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10 Basic Types of Wood Joints and When to Use Them

Wood joinery is one of the most familiar concepts for woodworkers, referring to the technique that joins pieces of wood together. Without this technique, we have to do all the woodworking projects on a single piece of wood. Therefore, every woodworker should learn about, at least, basic wood joints and which to use for your projects. Scroll down to discover detailed information about each wood joint.

 

1. Butt Joint

To start with, a butt joint is the most basic wood joint because it simply butts two pieces of wood together. Since this wood joint can’t lock each board together, it needs glue or countersinking nails to stay in place.

Application: Butt joints are often used around window trims and baseboards.

 

2. Mitered Joint

A mitered joint is also a basic wood joint. Unlike a butt joint, a mitered joint joins two boards at an angle, most commonly 45-degree. But a mitered joint can be cut at any angle according to your project.

Application: It is often used at door, window, and picture frames. Like butt joints, mitered joints still need glue to stick two boards together.

 

3. Half-Lap Joint

To create a half-lap joint, we need to cut half the thickness of two boards at their joining point so that the two wood boards overlap each other. This type of joint is stronger than the butt joint and mitered joint.

Application: Half-lap joint is ideal for frames as well as furniture making for their thickness.

 

4. Tongue and Groove Joint

A tongue and groove joint contains a tongue on one piece of board and a groove on the other. Sliding the tongue into the groove to form a strong tongue and groove wood joint.

Application: This joint is often used for hardwood flooring and beadboards making.

 

5. Mortise and Tenon Joint

Mortise and tenon joint was invented for ancient construction, so it is a very classic wood joinery method. Till now, this joint is still one of the strongest and most beautiful wood joints for buildings and frames. It requires high precision to finish a mortise and tenon joint. Remember to cut the mortise first since it is easier to cut a tenon to fit the mortise.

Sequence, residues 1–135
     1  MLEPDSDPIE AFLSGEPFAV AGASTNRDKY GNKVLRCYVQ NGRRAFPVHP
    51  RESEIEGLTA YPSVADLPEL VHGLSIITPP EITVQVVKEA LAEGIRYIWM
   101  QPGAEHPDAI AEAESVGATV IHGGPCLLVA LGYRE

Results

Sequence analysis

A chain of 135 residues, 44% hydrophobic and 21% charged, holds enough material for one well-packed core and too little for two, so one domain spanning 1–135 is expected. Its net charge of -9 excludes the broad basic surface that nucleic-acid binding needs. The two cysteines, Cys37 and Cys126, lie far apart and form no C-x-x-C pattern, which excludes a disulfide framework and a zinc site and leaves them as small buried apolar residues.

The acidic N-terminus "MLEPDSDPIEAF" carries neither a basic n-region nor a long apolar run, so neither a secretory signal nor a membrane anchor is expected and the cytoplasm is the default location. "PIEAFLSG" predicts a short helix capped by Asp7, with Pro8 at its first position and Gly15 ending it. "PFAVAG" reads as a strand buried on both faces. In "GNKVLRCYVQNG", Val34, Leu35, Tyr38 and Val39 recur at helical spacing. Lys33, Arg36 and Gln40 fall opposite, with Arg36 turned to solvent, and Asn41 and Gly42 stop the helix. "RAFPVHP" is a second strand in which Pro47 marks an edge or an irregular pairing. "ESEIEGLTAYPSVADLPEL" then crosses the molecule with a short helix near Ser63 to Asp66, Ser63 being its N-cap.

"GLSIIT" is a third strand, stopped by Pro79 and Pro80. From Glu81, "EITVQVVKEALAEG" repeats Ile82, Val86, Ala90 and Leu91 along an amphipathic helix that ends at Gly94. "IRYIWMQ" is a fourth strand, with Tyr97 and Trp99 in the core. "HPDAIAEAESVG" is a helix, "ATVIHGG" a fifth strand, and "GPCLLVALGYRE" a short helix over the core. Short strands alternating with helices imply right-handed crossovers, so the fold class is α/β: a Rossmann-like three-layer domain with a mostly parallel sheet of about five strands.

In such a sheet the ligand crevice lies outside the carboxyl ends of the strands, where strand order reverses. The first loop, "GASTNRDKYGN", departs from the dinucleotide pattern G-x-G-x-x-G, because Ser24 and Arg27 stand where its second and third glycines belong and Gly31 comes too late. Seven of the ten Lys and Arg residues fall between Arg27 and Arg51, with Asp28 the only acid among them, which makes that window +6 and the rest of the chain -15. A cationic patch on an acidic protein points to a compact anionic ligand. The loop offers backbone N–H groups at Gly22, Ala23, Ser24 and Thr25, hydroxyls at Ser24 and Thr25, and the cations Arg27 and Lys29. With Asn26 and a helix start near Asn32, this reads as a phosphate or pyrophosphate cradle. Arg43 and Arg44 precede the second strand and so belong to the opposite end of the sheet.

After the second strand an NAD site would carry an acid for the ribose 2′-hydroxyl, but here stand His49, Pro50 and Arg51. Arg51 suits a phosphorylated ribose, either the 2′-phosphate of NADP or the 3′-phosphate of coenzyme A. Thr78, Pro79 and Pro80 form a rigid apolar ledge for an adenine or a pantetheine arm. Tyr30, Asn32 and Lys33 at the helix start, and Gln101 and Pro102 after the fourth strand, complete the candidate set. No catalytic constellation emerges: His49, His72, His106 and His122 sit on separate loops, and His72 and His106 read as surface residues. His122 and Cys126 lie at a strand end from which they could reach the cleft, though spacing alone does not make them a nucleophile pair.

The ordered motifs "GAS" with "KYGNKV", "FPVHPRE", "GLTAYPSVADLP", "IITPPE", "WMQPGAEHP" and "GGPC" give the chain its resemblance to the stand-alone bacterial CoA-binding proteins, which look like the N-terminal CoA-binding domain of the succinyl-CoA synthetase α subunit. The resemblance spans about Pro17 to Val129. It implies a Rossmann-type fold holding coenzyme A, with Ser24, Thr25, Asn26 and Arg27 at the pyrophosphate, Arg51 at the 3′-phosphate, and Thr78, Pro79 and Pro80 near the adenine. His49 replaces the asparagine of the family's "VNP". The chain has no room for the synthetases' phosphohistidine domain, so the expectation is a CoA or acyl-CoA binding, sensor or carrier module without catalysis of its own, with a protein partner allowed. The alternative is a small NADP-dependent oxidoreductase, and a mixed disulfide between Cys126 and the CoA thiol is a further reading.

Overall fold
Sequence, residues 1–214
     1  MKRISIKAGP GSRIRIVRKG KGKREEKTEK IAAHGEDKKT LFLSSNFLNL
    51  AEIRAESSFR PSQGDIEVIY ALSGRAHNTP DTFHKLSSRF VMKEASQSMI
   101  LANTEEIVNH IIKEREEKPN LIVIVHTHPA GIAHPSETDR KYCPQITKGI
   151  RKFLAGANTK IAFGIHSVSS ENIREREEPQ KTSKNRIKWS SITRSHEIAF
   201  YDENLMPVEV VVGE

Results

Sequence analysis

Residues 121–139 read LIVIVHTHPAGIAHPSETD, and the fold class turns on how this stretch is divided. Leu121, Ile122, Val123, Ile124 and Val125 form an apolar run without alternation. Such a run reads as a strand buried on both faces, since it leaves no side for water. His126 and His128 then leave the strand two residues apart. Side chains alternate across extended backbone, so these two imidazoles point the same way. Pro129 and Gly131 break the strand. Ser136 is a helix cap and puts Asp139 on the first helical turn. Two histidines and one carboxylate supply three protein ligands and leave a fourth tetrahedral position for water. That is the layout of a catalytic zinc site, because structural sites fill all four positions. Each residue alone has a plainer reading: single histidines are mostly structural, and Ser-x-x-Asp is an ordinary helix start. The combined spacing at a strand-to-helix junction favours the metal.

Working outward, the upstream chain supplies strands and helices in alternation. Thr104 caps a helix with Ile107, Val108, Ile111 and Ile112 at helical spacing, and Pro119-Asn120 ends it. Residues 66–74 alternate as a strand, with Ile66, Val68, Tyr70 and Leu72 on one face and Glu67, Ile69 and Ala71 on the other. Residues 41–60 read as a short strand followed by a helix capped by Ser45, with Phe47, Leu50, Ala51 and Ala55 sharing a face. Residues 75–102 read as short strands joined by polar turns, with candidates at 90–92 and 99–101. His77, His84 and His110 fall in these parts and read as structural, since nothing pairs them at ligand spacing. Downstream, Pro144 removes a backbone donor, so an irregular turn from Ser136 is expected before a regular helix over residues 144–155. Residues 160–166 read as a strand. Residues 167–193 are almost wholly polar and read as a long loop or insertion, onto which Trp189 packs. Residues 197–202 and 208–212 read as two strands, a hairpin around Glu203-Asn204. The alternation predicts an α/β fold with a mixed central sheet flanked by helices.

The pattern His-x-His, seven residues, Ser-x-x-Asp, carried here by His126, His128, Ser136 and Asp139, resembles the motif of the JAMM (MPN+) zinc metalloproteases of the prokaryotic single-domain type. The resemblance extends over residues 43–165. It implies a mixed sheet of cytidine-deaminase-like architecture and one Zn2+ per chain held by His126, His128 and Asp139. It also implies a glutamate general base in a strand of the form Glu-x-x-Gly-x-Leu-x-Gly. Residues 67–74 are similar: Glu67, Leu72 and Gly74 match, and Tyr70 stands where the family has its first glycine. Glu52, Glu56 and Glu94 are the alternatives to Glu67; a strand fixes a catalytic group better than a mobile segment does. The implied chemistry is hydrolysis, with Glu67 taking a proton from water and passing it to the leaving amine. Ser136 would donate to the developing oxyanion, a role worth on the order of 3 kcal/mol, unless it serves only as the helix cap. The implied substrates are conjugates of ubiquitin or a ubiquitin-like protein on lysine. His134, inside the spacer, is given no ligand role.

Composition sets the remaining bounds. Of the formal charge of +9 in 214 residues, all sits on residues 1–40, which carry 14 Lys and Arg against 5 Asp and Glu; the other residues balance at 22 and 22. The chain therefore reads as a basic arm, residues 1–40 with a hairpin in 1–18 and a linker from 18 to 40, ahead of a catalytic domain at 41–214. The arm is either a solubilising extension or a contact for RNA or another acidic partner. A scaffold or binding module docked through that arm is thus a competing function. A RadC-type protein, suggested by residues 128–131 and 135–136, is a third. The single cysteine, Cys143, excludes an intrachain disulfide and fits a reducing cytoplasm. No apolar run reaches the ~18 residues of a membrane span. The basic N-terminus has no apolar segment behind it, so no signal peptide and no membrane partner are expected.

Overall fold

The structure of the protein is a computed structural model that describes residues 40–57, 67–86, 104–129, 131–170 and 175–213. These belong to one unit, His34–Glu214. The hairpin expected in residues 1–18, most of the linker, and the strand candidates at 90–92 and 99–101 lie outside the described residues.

Application: It is mostly used in crafts and furniture making.

 

6. Biscuit Joint

Biscuit joint is used to join wood boards by cutting slots into two boards and using a biscuit (a wood wafer) to hold them together. This joint is completely invisible, thus forming a perfect surface.

Application: Biscuit joint is ideal for making tabletops, boxes, drawers, etc.

 

7. Box Joint/Finger Joint

Box/Finger joint is to cut a series of symmetrical slots to create rectangular fingers at the end of two boards. Since there isn’t mechanical strength in the box joint, we need glue to hold it in place.

Application: Finger joint is ideal for making floorboards, baseboards, doors, etc.

 

8. Dado Joint

along the wood grain direction whereas the dado joint is cut across the wood grain. When cutting a dado joint, remember that the deep of the dado should be at least 1/3 into the board.

Application: Dado joints are ideal for making cabinets and bookshelves.

 

9. Rabbet Joint/Rebate Joint

The rabbet or rebate joint is another most commonly used wood joint in cabinetry. We create a rabbet joint by cutting a recess along the end of a wood board. Although the rabbet joint looks simple, it is greatly stronger than the butt joint.

Application: A rabbet joint is most used in building the back of a cabinet for combining the back to the sides of the cabinet box. Besides, this joint can also be used in making windowsills or door frames with glass inserts.

 

10. DovetailJoint

A dovetail joint is often recognized as a sign of high-quality craftsmanship. To form dovetail joints, we cut a series of trapezoidal-shaped interlocking pins and tails at the end of the boards. A dovetail joint features high resistance from pulling apart.

Application: This joint is ideal for building drawers, connecting the sides of a drawer to the front part.

 

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